A FORMER mayor of Tetbury has hit out at a police officer who took payment from a journalist for a tip-off about a story which featured in The Sun about him amicably swapping wives with his neighbour.
The tip-off was discussed at the News of the World phone hacking trial this week, where the former editor of The Sun, Rebekah Brooks was questioned about emails she received from a journalist asking her to okay payments for the stories, including Stephen Hirsts’ wife swap in 2007.
The court at the Old Bailey, heard that in the wife swapping story, an email specifically sought Ms Brooks' approval to give money to a serving police officer who had provided "numerous tips in the past".
It also heard how Ms Brooks was questioned about whether the cash was transferred to Thomas Cook in Cirencester for the journalist to hand over to the anonymous source to avoid a paper trail.
Mr Hirst, who is currently a member of Tetbury Town Council, said: “Anybody that delves into people’s private lives and profits from it is committing a despicable act. Especially as it is somebody in such a respectable job like a police officer who you would expect would not get paid money for providing information about so called sensationalised stories."
Mr Hirst explained he was interviewed by police at Scotland Yard, several months ago as part of Operation Elveden, which comprises Scotland Yard's investigation into allegations that journalists paid public officials for information.
Mr Hirst assisted officers in trying to identify the policeman who received payment for the story about the wife swap but said neither he or police were able to confirm the identity of the officer.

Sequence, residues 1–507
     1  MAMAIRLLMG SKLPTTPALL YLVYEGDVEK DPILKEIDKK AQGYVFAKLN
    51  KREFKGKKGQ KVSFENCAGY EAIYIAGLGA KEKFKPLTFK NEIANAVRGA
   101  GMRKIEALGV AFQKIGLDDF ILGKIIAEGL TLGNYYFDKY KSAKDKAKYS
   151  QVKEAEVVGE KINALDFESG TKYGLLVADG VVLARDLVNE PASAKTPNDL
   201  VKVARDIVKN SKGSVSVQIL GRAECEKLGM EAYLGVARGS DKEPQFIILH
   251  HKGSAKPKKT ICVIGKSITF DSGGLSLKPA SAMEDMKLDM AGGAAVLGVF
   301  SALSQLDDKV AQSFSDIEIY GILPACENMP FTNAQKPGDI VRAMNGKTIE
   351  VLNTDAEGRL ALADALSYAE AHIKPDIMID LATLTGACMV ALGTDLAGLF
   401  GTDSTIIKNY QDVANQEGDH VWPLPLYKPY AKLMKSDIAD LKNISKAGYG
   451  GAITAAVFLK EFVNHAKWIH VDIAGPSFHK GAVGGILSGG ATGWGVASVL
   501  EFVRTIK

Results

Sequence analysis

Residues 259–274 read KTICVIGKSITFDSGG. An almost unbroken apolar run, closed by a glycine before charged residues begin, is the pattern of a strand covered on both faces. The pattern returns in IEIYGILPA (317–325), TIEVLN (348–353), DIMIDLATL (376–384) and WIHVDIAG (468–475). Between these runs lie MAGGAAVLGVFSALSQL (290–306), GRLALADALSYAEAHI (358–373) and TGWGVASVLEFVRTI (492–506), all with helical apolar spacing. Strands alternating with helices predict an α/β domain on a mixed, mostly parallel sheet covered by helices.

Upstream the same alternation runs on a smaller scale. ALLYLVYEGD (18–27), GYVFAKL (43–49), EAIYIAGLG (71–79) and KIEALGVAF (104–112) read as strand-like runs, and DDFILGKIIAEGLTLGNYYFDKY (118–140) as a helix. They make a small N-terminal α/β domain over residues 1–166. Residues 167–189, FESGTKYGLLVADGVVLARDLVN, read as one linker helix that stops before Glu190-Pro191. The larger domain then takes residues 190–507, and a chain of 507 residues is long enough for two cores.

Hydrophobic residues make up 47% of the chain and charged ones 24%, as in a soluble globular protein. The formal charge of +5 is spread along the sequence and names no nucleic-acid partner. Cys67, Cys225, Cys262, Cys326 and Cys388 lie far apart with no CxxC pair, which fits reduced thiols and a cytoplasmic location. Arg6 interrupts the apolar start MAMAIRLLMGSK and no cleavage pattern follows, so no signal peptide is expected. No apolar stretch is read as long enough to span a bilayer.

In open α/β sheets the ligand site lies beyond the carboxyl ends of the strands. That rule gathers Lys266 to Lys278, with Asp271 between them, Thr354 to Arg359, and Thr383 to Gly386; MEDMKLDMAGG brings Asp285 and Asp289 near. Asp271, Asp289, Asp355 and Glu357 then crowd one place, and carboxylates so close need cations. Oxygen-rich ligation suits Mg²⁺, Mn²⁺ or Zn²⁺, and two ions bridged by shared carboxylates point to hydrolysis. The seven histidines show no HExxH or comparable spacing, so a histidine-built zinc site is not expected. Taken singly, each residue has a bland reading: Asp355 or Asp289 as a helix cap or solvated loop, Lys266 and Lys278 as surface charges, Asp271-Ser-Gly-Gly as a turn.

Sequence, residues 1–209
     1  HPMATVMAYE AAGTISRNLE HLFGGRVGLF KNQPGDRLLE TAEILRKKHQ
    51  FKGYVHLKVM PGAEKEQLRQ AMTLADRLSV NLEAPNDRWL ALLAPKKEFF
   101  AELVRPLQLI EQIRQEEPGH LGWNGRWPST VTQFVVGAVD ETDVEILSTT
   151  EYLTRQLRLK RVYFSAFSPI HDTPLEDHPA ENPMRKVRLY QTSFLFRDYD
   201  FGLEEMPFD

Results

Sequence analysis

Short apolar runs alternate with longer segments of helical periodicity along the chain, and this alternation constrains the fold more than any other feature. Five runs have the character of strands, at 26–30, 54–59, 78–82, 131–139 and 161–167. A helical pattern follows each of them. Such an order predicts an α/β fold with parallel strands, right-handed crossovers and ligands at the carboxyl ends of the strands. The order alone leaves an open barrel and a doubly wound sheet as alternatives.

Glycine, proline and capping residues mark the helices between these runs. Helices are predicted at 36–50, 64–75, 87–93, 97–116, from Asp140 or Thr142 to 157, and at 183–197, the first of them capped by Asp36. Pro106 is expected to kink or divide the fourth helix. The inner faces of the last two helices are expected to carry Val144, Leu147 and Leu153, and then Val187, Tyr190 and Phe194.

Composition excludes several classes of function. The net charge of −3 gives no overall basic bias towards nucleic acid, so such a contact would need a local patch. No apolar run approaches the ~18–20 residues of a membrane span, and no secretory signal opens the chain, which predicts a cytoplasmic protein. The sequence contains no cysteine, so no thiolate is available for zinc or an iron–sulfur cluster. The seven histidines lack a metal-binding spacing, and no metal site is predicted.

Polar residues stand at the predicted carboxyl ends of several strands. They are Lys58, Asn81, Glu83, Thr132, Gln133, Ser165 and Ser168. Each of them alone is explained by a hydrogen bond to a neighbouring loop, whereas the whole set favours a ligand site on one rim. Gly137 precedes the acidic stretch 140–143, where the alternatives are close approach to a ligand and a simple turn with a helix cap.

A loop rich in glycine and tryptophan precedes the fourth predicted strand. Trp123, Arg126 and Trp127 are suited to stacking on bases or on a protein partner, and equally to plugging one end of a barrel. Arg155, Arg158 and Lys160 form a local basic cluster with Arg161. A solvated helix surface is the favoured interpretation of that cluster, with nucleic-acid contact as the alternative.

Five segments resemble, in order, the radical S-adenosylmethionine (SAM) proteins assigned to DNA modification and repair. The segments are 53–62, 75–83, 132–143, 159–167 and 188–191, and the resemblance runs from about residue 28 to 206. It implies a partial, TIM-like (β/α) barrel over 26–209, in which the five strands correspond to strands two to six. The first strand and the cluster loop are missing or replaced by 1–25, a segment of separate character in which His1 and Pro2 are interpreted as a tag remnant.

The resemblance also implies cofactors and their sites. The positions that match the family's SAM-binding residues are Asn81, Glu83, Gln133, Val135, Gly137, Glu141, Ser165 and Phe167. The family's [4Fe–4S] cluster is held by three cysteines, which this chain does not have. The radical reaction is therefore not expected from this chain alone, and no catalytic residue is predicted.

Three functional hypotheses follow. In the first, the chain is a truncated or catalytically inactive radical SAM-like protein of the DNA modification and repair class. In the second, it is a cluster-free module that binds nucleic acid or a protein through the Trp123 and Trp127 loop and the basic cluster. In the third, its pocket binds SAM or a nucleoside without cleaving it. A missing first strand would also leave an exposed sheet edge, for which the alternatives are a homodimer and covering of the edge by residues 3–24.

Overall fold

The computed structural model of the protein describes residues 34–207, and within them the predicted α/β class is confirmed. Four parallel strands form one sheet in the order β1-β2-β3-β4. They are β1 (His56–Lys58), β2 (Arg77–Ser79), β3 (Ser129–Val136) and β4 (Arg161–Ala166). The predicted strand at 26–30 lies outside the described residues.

Ms Brooks told the trial she would only have sanctioned payment to a serving public official for a story relating to his work if there was a very strong public interest.
Prosecutor Andrew Edis QC suggested that the money was transferred to Thomas Cook to be collected by a journalist in cash and handed over to anonymous sources to avoid a paper trail.
Ms Brooks said this system was often used for convenience when journalists were abroad in countries like Afghanistan and Iraq.
"And Cirencester?" Mr Edis asked, referring to the mayor story.
Susan Hirst, Stephen’s wife, who was part of the wife swap explained that the two couples first became aware of the media interest in the story when the four of them noticed they were being tailed by a journalist when on a Mother’s Day trip to Bath.
“If we were in Scunthorpe or anywhere else in the country nobody would be at all interested but it is because we were located near the Prince’s home of Highgrove,” she said.